Struggle for the Middle East

Amman, Jordan

We read a fascinating article this week for our first hour of class, which has been devoted to topics from the news media and politics, and has focused thus far mostly on the Iranian nuclear issue, including the recent military exercises Israel executed over the eastern Mediterranean in early June. The article in question, from, was a summary of a new book published by Syrian journalist and writer Rana Abu Dhaher ar-Rifaa’y titled The Iranian Nuclear Issue and the Struggle for the Middle East. It’s not available in English at this time, and I think that’s a shame; although I don’t think that her conclusion is a new one, it’s one that bears repeating for American audiences.

She begins with a common theory floated in the Lebanese media, particularly in the newspaper “an-Nahar,” which says that the real reason behind the current crisis between Iran and the United States is the increasingly critical situation in Iraq, where the U.S. would like Iran to play a positive role in the future of Iraq. On the other hand, the Bush administration is eager to be seen as playing an important role in securing Israel against threats to its borders, especially in the Palestinian Territories to the east and west, from Hezbollah from the north, and from the spectre of Iranian nuclear missiles.

As far as Iran’s nuclear program is concerned, ar-Rifaa’y goes into great detail over the state-of-the-art missile defense systems that Israel has developed over the years, including early warning systems and other technologies that make it virtually impossible for any missile attack on Israel, conventional or nuclear, from Iran or elsewhere, to even penetrate Israeli airspace. Furthermore, it’s no secret that any attack on Israel would be met by an immediate, devastating counter-attack by Israel. Or, as Syrian President Bashar Assad said Sunday in response to accusations that his country is developing nuclear weapons for use against Israel, any attempt to crush Israel would only crush Israel’s attacker. In ar-Rifaa’y’s opinion, the chances of Iran actually launching an as-yet theoretical nuclear attack on Israel, or even a conventional attack, are minute and would be prohibitively costly to Iran.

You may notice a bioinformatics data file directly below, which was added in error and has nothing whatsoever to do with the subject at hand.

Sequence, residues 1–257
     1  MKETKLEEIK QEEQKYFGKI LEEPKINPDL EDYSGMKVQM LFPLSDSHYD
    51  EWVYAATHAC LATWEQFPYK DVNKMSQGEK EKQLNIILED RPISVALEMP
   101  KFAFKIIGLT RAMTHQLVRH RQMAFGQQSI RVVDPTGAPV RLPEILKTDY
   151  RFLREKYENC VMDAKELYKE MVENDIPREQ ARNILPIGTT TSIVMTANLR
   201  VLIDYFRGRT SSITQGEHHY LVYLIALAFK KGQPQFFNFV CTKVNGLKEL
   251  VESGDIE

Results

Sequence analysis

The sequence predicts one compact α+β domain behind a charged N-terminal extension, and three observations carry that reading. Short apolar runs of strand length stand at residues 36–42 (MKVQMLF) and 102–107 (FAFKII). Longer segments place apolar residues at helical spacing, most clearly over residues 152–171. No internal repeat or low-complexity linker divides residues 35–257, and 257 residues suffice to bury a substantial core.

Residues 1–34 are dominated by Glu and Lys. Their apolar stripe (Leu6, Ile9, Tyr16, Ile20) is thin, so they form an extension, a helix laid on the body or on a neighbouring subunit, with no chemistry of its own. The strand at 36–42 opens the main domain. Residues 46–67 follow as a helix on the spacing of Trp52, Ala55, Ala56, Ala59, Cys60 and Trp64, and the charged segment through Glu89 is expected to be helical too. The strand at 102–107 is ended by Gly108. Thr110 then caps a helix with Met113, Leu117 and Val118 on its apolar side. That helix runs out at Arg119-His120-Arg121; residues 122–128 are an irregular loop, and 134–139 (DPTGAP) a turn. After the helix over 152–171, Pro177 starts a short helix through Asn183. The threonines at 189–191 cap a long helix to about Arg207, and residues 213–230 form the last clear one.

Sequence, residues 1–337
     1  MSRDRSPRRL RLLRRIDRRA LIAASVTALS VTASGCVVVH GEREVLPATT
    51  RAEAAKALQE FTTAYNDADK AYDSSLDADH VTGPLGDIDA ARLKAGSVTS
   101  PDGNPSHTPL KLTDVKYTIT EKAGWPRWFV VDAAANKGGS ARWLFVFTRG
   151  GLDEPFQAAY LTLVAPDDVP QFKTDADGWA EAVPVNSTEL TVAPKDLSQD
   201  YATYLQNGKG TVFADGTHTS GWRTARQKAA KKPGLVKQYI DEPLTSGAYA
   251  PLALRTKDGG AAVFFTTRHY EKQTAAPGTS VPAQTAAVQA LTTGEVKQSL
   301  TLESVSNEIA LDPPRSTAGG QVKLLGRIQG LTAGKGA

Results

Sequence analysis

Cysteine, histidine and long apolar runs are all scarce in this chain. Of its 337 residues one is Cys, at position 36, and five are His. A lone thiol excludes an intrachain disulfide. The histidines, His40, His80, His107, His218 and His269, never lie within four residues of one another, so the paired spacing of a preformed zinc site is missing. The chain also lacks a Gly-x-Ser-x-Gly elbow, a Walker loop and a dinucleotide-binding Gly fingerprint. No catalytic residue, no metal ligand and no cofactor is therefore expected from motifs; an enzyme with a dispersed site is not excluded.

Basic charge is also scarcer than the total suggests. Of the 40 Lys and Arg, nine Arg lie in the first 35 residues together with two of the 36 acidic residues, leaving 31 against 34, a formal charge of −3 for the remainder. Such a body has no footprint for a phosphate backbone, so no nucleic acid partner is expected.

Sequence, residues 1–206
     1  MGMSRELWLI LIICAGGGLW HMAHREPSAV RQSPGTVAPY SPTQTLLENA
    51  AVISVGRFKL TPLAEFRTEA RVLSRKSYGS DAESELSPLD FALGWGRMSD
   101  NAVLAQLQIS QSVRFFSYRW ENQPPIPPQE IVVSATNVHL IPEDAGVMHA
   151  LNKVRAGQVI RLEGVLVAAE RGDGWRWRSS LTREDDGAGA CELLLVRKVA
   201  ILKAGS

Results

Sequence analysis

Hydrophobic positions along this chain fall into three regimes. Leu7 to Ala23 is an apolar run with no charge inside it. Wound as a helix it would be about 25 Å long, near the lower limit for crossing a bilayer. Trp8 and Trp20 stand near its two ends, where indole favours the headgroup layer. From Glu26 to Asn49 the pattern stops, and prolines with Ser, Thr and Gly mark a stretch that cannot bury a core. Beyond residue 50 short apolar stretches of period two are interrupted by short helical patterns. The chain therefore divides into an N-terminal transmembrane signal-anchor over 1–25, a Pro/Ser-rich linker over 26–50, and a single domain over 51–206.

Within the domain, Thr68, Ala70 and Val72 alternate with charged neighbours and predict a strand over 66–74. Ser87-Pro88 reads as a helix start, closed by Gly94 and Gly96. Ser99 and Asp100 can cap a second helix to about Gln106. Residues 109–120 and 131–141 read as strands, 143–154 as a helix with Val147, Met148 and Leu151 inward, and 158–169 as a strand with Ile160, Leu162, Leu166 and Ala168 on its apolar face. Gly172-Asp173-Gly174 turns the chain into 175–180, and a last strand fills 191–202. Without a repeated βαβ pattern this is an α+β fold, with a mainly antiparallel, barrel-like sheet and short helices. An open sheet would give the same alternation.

Nevertheless, the crisis between Iran and Israel continues. Why? I don’t find at all credible those who say that Iranian President Ahmedinijad is crazy, and there’s no predicting what he’ll do. For one thing, he doesn’t hold the real power in Iran. Mostly, however, I don’t believe that he’s suicidal, and for Ahmedinijad to attack Israel would be tantamount to committing actual, not just political, suicide. Nor do I believe, and neither does ar-Rifaa’y, that it’s in Israel’s interest to attack Iran, because the outrage over such an attack would go far beyond the borders of Iran. It would enrage the whole Muslim street, ar-Rifaa’y says, from Baghdad to the Palestinian Territories to Lebanon, and if Israel attacked Iran, it would also have to be prepared to simultaneously do battle in the Palestinian Territories and Lebanon.

Ar-Rifaa’y concludes that the current accusations by Israel and the U.S. of an Iranian nuclear threat is not about Iran and Israel; it’s about a much larger struggle by the U.S. for influence and power in the Middle East. I find her conclusion compelling. I remember, during the 2006 war between Israel and Lebanon, a great deal of talk of the conflict actually being a “proxy war” between the U.S. and Iran. The same accusations have been made about the struggles between Hamas and Israel, or Sunni and Shi’a in Iraq. In fact, I might even go so far as to say that we are witnessing a new “cold war” between the U.S. and the nations of the Middle East, but it’s not about democracy and communism this time. The stakes here are simply the right of Middle Eastern nations to self-determination. Will the people and countries of the Middle East be afforded the right to build their own futures, or will they continue to be pawns in a chess game in which the very real victims are the uncounted Iraqi families and Palestinian youth and Lebanese children who are dying and suffering, physically and mentally.

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